When I tossed aside the various reports of millionaire celebrities losing their homes in the California wildfires and finally learned how devastating these fires actually were, I did what I’m sure most people did and called my friends who live there.
It’s that illogical quality that I possess that motivates me to believe that a fire in California means a fire in my friends’ homes and at their schools, all over their neighborhoods. I immediately expected them to be shipped home, never to return to the sandy beaches and the celebrity infested towns they now call home.
Thankfully, this was not the case, and my friends are all safe. A bit unhappy, a tad scared and now behind in classes, but safe nonetheless.
My relief at this news still stands today. Yet, I have to admit, the feeling is tarnished by the fact that at least 16 people weren’t as lucky as my friends. And, at least 16 people’s friends, parents, children, sisters, etc. weren’t so lucky as myself.
Equally as realistic and heartbreaking is the number of people who lost their homes, their possessions and their memorabilia. More than 1,900 homes have been destroyed because of the fires, according to CNN.
I was talking to a friend living in San Diego the other day – an ex-boyfriend to be honest – and he told me about a program that he and a few of his classmates at his architecture school are trying to get going. The group’s mission, he said, is to eventually begin building homes for some who lost theirs.
He is hoping to team up with Habitat for Humanity, but he and his fellow architect hopefuls want to design the houses “in a more unique way” but “affordable as well.”
My mind started churning. I began contemplating the goals of this ambitious group in San Diego and the realities of achieving such a feat.
“It’s so early,” he said. “And we just don’t know how much money we can actually raise.”
There it was. My mind began molding and toying with a solid idea. And I think, CSU, it’s possible.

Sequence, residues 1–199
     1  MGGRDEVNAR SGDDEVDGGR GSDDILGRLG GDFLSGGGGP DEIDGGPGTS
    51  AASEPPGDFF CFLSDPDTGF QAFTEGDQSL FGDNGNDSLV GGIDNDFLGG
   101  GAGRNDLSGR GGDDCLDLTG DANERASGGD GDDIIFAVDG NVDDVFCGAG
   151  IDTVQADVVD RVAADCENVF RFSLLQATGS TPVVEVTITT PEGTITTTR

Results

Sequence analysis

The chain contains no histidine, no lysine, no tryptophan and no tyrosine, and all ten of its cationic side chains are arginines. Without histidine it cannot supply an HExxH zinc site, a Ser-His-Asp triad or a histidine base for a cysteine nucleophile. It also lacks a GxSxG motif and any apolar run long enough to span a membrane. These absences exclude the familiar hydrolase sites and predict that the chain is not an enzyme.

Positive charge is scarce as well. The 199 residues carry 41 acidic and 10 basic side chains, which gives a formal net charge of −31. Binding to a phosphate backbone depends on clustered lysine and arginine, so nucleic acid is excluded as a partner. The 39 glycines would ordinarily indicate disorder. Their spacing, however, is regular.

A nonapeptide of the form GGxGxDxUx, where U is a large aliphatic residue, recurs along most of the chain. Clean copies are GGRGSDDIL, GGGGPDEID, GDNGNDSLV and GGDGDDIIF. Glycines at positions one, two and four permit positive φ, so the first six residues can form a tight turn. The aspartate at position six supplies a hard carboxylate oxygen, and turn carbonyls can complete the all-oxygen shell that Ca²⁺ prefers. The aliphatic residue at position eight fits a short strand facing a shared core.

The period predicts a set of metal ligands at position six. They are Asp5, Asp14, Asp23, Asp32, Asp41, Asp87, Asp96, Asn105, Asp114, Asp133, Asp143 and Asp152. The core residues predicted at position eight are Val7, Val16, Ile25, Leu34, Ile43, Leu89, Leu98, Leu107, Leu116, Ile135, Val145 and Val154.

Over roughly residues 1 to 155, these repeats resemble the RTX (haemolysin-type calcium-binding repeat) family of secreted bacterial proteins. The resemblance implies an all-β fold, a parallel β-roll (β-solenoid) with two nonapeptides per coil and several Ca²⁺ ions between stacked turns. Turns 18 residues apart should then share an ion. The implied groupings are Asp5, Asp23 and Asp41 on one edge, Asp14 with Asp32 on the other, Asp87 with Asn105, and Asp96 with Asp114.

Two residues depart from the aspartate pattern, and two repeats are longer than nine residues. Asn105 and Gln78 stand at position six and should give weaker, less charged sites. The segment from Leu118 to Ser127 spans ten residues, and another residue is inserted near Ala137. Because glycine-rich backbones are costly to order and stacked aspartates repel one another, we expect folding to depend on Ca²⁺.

I propose that we work with his school and his small group of student architects to raise money for the victims in California. If we join together as students, as a university and as a community, we can get enough money together to help at least a couple families feel safe again.
And, if we organize now and figure out exactly what we need to do, we can be a part of the building process.
This can be our “alternative Spring Break” come March.
I have even decided to begin contacting other universities across the country to ask them to join in the effort with us.
I have never tried anything like this before and, frankly, neither has my ex. Yet, we both think it’s plausible.
But we need your help.
So, if you are interested in joining me in my lofty goals of fundraising, campaigning and, eventually, building, please contact me. Also, talk to other people and come up with your own ideas about how we can possibly get this project off the ground.
I propose we do something for someone else, selflessly and compassionately, that we, nor the families we work for, will ever forget.
Also, if you aren’t interested in my possibly ridiculous plans, I just want to remind you that Katrina victims still could use your help as well.
Associate News Managing Editor Jessi Stafford is a senior technical journalism major. She can be reached directly at firstname.lastname@example.org. Other letters and feedback can be sent to email@example.com. Ryan Nowell’s column will return next week.